The specific language under the facts and circumstances of the case, not the subjective interpretation of the listener, determines whether statements constitute a threat of prohibited activity. E.g., Champion Exposition Servs., 292 N.L.R.B. No. 83, 1989 WL 223787 (N.L.R.B.) (Jan. 31, 1989); Apollo Dry Wall, 211 N.L.R.B. 291 (1974). The National Labor Relations Board (NLRB) has consistently held that vague allegations of "trouble" or "problems," without more coercive pressure such as picketing, do not violate the prohibition against secondary boycotts. See, e.g., Champion Exposition Servs., 292 N.L.R.B. No. 83 (union's ambiguous reference to unspecified "problem" not prohibited); Raymond Furlow, Inc., 239 N.L.R.B. 800 (1978) (union's statement that members have "problems" with use of non-union contractor not prohibited); Cleveland Electro Metals Co., 221 N.L.R.B. 1073 (1975) ("we may have to use an informational type picket" not prohibited); Apollo Dry Wall, 211 N.L.R.B. 291 (vague reference to "trouble" or "problems" not prohibited); Mautz & Oren Inc., 209 N.L.R.B. 410 (1974) (mutual agreement on desirability of avoiding "trouble" and a "picket" not prohibited in congenial conversation). But see Hylan Elec. Co., 204 N.L.R.B. 193 (1973) (union's threat of "trouble" on the job is prohibited when accompanied by pickets).

Like the NLRB, the federal courts have required a more coercive blend of conduct and speech than the statements at issue here before finding an unlawful application of secondary pressure. See, e.g., Limbach Co. v. Sheet Metal Workers Int'l Ass'n, 949 F.2d 1241, 1256-57 (3d Cir. 1991) (en banc) (threat to cancel collective bargaining agreement for a prohibited secondary reason constitutes coercion within the meaning of the NLRA); Hirsch v. Building and Constr. Trades Council, 530 F.2d 298 (3d Cir. 1976) (in context of bitter and protracted labor dispute, warning not to be "surprised if you have pickets on your plant tomorrow" is threat of illegal activity); NLRB v. Teamsters Local 445, 473 F.2d 249 (2d Cir. 1973) (picketing and statement that "not a wheel will turn" is prohibited threat); NLRB v. International Bhd. of Elec. Workers, Local 453, 432 F.2d 965 (8th Cir. 1970) (threat of pickets and picketing which brought about work stoppage is prohibited); Wells v. NLRB, 361 F.2d 737 (6th Cir. 1966) ("Just don't act like a school kid. You know what I am talking about" and "we are going to have to stop this job" are prohibited threats where work stoppage took place); see also NLRB v. Local 825, A, B, C, D Int'l Union of Operating Eng'rs, 659 F.2d 379 (3d Cir. 1981) (union's statement that it would "throw pickets around" worksite not a threat); Electro-Coal Transfer Corp. v. General Longshore Workers, 591 F.2d 284 (5th Cir. 1979) (union's ambiguous reference to "serious problems" or "problems," without more, not a prohibited threat).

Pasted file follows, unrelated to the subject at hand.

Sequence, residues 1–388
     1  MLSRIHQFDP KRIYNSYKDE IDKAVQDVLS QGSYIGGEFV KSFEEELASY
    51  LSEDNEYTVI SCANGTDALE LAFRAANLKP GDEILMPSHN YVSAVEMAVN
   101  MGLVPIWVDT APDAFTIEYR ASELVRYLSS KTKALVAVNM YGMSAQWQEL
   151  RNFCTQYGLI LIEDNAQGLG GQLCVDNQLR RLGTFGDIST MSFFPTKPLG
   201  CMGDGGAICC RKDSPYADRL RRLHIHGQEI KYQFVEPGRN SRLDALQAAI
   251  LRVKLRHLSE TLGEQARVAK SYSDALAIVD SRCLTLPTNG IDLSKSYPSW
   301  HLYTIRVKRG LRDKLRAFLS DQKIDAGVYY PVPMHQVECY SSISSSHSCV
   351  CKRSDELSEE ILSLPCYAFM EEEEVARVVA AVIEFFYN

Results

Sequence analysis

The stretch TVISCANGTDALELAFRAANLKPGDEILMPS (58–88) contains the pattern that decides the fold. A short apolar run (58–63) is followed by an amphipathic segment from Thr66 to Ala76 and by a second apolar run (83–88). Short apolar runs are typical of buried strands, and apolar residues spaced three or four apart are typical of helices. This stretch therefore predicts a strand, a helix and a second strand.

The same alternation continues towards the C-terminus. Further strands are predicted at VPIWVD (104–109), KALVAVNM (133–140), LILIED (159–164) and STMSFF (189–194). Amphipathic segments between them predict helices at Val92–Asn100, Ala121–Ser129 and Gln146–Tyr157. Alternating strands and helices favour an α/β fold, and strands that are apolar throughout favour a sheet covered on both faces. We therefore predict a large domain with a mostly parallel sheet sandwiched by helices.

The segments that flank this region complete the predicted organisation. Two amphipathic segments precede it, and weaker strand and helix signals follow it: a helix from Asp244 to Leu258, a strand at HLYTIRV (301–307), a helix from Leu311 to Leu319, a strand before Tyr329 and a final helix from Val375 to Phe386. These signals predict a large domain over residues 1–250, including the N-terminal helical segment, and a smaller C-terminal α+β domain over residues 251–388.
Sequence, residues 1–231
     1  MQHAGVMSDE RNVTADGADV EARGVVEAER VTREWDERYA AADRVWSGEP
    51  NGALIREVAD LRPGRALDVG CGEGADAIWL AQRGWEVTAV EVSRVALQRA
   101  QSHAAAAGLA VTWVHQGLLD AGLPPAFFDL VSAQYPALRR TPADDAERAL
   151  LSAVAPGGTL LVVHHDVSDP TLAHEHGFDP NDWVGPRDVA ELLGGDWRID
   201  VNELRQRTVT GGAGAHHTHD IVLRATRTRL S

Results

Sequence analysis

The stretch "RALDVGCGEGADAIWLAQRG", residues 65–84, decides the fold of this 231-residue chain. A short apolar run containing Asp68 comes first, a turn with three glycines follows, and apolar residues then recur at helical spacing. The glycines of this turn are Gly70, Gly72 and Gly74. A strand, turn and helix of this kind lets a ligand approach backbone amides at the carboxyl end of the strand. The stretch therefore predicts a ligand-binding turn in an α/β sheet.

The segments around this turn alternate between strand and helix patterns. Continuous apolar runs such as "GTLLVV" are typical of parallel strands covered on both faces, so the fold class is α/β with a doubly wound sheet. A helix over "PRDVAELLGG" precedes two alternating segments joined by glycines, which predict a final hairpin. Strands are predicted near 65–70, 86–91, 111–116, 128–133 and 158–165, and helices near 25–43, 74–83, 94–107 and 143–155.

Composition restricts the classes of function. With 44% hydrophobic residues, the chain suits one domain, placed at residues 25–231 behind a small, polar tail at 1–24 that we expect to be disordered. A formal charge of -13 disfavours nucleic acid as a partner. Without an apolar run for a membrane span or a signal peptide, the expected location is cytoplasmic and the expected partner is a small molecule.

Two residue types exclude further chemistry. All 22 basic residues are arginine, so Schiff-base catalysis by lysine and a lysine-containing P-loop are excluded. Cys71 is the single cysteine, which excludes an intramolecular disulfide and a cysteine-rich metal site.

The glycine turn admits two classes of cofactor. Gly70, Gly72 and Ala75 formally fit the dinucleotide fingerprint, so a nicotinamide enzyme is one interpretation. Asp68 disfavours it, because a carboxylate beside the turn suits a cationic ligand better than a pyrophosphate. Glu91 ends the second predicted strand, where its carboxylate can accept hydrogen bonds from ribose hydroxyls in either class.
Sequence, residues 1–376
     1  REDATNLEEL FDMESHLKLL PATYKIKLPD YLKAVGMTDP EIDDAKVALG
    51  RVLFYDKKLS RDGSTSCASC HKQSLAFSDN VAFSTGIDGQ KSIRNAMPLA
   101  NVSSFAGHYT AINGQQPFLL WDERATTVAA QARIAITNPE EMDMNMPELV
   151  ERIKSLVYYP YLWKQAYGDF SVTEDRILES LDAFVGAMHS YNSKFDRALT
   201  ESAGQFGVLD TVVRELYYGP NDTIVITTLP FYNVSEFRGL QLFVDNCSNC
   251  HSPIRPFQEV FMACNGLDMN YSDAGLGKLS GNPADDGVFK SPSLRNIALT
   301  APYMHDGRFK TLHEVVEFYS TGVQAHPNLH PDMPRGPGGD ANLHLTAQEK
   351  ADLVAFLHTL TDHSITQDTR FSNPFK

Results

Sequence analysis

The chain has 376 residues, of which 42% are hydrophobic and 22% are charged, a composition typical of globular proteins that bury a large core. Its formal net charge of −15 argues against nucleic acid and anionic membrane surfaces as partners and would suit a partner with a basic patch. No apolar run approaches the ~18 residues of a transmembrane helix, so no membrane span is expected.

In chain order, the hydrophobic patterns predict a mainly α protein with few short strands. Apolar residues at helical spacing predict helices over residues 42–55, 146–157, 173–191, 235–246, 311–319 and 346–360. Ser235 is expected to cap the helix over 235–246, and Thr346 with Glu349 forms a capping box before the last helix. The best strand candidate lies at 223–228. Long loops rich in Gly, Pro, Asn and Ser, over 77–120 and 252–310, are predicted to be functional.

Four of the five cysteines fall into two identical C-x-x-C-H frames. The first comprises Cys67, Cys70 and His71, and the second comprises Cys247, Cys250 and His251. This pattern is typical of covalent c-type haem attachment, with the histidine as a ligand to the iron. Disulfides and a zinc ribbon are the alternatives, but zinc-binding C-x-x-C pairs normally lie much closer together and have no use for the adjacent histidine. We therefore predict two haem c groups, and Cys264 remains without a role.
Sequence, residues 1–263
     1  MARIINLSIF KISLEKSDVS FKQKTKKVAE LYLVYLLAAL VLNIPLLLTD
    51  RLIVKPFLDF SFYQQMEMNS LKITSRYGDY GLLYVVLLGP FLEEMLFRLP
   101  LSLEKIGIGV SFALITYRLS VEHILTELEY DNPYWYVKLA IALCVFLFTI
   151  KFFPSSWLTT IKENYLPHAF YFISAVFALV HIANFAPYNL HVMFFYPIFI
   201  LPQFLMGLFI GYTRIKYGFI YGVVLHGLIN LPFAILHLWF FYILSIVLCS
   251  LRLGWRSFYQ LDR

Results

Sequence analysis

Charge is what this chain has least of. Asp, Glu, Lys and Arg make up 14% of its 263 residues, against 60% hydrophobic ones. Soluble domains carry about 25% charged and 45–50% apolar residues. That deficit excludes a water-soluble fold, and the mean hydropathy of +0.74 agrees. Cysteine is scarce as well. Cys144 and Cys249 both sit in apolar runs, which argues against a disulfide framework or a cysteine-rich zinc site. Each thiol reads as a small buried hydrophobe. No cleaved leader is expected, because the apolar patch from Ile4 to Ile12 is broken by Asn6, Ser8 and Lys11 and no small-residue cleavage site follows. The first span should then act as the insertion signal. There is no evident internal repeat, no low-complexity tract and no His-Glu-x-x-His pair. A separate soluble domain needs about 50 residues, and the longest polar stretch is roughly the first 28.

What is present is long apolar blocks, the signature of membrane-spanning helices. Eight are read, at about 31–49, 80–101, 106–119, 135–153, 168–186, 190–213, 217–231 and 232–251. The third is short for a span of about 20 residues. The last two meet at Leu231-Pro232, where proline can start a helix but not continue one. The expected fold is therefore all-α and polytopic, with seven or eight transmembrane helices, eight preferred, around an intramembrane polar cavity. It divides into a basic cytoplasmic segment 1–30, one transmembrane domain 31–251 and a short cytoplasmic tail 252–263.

According to the teachings of Liberty Lobby, the record contains no issue of material fact. 477 U.S. at 248, 106 S. Ct. at 2510. The Carpenters neither picketed the job site nor engaged in a work stoppage. Hall simply made an ambiguous statement which Smock subjectively interpreted as a threat of unrest. Hall's vague reference to "problems" and "pickets," without more, fails to rise to the level of a prohibited threat, coercion or restraint within the meaning of section 158(b) (4) (ii). Thus, whether Hall threatened to picket is immaterial because it has no effect on the outcome of Ozark's suit under the substantive law. Id. See also Storer Communications, Inc. v. National Ass'n of Broadcast Employees and Technicians, 854 F.2d 144, 146-47 (6th Cir. 1988) (summary judgment appropriate, even if the record contains evidence that the union threatened to picket, where the record contains no substantial evidence of a work stoppage or prohibited secondary pressure).

Nor does the record present a genuine issue of material fact. National responded to Hall by awarding the contract to a union subcontractor. Even when viewed in the light most favorable to the nonmoving party, however, the evidence fails to show that the Carpenters placed indirect economic pressure on Ozark by threatening, coercing or restraining National to cease doing business with Ozark. Absent evidence that the Carpenters applied illegal secondary pressure in the form of a picket line or a work stoppage, no reasonable jury could have returned a verdict in favor of Ozark solely on the basis of Hall's ambiguous statements. See Liberty Lobby, 477 U.S. at 248, 106 S. Ct. at 2510.

Thus, the dispute over Hall's reference to pickets and "problems" fails to create a genuine issue of material fact. The district court properly granted the defendant's motion for summary judgment. I would affirm.

 *

The Honorable Richard S. Arnold became Chief Judge of the United States Court of Appeals for the Eighth Circuit on January 7, 1992

 1

The majority reasons that the district court improperly resolved a disputed issue of material fact. Under the substantive law, however, this is not the case. Under the facts and circumstances of this case, where no pickets or work stoppages materialized, whether Hall vaguely threatened to picket National is not a material fact. See Storer Communications, Inc. v. National Ass'n of Broadcast Employees and Technicians, 854 F.2d 144, 146 (6th Cir. 1988). Without evidence of more coercive, unambiguous conduct, such as the creation of a picket line at the job site, a vague reference to "problems" or picketing does not change the outcome. See Anderson v. Liberty Lobby, Inc., 477 U.S. 242, 248, 106 S. Ct. 2505, 2510, 91 L. Ed. 2d 202 (1986). Either way, Ozark cannot defeat the summary judgment motion